George Akerlof and Robert Shiller have good points, excellent stories, and a clear aim in Phishing for Phools. The aim is to convince economist colleagues that all market outcomes aren’t perfect. I applaud their aim. That said, their conceptualization assumes consumers (and others) are robots with a monkey on our backs. The monkey prevents us from being “fully rational”. I’d say, however, that we are the monkey. I was left with the feeling that even the best economists don’t get marketing.
The Robot And Monkey Are One Creature
I disagree. Instead, I think it is a bit too crude to think of decision making as a “fully rational” robot being put off by a monkey. If you do you might describe appeals to the monkey as phishing (manipulation and deception). The view of humans isn’t well developed though. Why do economic robots want anything at all? In politics why would a robot care who won the election. If a robot doesn’t really care about anything what does it mean to trick them? We are both the monkey and the robot.
You can better design products to make them appeal more to the consumer. This doesn’t seem to the “phishing” that the book envisages. Still it seems to be lumped in with it in their conception. Yes, the smells that radiate from Cinnabon stores influence weak-willed consumers to buy food that they don’t need to consume. Still who “needs” Cinnabon? Our monkeys enjoy Cinnabon but would the world be a better place if all stores had no smells? The smells, after all, add to the enjoyment of those eating there. The smells both improve the product and tempt the weak willed. This means that smells aren’t really conclusive evidence that any consumers are being tricked.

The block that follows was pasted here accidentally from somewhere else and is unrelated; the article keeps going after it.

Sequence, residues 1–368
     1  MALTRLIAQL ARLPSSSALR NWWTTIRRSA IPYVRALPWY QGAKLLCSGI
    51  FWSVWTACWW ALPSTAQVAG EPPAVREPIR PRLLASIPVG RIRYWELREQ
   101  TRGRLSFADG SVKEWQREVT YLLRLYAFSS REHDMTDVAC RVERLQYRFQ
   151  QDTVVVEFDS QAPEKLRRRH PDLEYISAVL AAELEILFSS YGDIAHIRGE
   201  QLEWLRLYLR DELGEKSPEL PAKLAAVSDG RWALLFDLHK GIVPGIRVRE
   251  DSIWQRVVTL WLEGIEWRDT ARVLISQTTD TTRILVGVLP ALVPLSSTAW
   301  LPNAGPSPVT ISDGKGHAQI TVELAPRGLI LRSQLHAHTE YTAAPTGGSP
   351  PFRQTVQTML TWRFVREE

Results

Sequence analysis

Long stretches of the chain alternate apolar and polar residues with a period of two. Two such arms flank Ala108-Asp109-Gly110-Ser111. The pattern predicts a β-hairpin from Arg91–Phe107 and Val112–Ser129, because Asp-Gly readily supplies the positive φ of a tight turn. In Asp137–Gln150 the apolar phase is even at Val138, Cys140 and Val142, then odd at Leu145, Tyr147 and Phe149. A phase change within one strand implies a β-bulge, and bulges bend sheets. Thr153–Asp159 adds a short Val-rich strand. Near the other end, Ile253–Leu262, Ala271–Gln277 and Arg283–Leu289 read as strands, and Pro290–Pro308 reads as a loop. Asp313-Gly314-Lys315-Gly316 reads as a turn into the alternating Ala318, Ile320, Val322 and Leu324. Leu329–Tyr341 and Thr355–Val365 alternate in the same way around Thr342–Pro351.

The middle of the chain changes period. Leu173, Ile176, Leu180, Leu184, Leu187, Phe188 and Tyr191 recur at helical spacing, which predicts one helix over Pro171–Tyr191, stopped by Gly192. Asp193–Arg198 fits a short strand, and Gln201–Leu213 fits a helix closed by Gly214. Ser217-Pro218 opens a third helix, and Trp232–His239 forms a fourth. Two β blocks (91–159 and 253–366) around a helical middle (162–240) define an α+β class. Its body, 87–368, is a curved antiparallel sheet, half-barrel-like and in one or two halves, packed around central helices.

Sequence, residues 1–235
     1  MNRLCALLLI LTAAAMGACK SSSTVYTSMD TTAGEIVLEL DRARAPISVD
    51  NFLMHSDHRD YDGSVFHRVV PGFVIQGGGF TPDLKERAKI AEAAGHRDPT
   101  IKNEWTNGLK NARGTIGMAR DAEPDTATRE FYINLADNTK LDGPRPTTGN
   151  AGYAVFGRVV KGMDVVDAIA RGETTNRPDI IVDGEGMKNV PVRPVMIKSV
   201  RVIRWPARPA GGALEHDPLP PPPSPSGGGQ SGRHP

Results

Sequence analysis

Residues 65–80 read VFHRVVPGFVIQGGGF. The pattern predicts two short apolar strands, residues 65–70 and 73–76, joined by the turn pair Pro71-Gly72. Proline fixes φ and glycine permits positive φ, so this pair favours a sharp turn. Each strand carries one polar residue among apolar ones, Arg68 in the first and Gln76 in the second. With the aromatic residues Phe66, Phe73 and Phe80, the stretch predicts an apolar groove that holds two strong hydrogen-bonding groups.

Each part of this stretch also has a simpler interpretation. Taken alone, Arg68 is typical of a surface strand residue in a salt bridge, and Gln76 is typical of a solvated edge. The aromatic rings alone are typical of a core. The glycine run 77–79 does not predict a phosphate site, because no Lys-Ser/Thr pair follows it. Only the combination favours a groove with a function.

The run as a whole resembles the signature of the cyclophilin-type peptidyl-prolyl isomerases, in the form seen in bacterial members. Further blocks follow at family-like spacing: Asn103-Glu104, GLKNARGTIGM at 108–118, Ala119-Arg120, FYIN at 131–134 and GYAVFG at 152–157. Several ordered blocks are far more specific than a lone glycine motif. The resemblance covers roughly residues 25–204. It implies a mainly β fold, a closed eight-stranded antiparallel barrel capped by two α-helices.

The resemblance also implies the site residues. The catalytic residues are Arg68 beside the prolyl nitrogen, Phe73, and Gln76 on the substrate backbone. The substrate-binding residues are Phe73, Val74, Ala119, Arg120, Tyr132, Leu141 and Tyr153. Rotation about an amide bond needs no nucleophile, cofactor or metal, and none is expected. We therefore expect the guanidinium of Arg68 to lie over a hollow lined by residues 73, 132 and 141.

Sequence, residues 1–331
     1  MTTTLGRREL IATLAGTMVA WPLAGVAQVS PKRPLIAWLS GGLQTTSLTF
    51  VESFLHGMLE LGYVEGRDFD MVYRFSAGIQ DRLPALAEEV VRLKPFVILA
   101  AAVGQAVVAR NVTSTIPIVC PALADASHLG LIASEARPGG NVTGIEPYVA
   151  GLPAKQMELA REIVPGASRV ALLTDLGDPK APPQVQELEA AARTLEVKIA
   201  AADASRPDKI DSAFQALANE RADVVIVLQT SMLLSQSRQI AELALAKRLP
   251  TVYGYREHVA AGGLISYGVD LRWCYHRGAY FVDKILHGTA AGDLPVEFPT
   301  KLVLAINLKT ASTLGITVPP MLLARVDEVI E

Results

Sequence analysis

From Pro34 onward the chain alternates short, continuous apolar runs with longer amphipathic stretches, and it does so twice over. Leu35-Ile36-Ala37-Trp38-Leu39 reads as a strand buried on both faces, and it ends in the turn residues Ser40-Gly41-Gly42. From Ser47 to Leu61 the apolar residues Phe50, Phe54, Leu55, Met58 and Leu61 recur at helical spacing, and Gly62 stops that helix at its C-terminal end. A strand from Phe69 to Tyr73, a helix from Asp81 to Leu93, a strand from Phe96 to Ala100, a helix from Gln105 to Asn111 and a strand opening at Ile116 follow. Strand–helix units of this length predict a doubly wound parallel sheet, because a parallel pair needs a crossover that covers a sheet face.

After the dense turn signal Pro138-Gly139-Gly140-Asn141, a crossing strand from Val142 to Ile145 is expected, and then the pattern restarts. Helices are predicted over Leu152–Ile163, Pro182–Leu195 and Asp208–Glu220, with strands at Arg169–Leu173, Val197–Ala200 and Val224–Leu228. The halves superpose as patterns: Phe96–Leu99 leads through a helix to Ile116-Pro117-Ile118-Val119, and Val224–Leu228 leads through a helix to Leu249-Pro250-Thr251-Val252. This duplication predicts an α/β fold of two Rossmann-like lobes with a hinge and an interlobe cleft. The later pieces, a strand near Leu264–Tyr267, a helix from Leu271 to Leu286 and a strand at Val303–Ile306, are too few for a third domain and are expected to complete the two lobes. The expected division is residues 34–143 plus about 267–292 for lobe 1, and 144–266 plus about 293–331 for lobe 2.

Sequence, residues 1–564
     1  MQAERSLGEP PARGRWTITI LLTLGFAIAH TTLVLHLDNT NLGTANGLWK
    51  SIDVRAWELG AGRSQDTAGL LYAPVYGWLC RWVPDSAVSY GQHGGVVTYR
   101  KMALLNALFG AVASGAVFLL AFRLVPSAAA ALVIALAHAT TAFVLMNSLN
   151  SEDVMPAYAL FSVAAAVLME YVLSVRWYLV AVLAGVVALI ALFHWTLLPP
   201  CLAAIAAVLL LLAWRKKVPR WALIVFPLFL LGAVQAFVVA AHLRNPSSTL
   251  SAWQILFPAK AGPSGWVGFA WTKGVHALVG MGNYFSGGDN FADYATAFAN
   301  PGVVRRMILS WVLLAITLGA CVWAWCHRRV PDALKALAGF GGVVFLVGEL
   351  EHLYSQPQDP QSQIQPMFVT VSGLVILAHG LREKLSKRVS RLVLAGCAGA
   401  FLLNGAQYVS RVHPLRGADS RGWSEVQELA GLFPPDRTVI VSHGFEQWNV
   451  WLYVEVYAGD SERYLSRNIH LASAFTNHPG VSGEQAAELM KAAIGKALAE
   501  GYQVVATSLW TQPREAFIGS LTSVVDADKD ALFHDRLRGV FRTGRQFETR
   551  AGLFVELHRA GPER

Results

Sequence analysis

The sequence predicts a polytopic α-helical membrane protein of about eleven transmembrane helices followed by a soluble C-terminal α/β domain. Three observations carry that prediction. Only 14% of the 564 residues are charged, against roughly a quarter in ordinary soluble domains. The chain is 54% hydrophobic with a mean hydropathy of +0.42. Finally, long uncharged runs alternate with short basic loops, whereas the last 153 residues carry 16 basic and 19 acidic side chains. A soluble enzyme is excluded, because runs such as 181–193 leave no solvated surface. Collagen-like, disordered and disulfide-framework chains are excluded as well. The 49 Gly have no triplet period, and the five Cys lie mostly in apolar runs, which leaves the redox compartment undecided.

Marketing Is Not Just Advertising
(The authors also conflate marketing and advertising which is unfortunate. See the “Evolution of Marketing” on page 54, Akerlof and Shiller, 2015).
What Sort Of Phool Am I?
They describe voters in two camps. Firstly, they point to “informational phools”. These are the not fully informed. (I guess that is everyone). They also note “psychological phools”. These are people who respond differently to different messaging, (Akerlof and Shiller, 20915, page 75). They are surely right to note both of these happen. That said, most non-economists already believe that voters aren’t perfect decision-makers. As such, it would be great to address a bit more just how “phoolish” voters are.
Even The Best Economists Don’t Get Marketing
This book seems to have been written mainly to influence economists that behavioral effects matter. Let’s hope it works. In that sense it is useful even if marketers might feel that even the best economists don’t get marketing.
For more on rationality see here.
Read: George A. Akerlof and Robert J. Shiller, (2015) Phishing for Phools: The Economics of Manipulation and Deception, Princeton University Press.